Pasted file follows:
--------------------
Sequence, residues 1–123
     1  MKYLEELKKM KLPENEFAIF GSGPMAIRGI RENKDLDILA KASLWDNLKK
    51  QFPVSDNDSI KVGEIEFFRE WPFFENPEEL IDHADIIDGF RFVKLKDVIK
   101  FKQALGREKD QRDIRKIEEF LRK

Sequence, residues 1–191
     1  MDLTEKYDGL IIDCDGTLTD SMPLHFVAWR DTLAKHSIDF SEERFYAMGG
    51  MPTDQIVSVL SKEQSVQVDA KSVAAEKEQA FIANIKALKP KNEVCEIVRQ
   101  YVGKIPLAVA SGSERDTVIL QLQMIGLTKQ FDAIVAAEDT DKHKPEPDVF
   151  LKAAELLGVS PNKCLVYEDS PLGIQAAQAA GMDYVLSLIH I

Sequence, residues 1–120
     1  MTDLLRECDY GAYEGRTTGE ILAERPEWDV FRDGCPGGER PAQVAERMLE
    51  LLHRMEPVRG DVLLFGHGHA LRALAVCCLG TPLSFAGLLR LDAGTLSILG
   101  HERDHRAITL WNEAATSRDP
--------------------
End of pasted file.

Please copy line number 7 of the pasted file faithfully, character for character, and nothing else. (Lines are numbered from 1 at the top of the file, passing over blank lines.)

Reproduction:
    51  MPTDQIVSVL SKEQSVQVDA KSVAAEKEQA FIANIKALKP KNEVCEIVRQ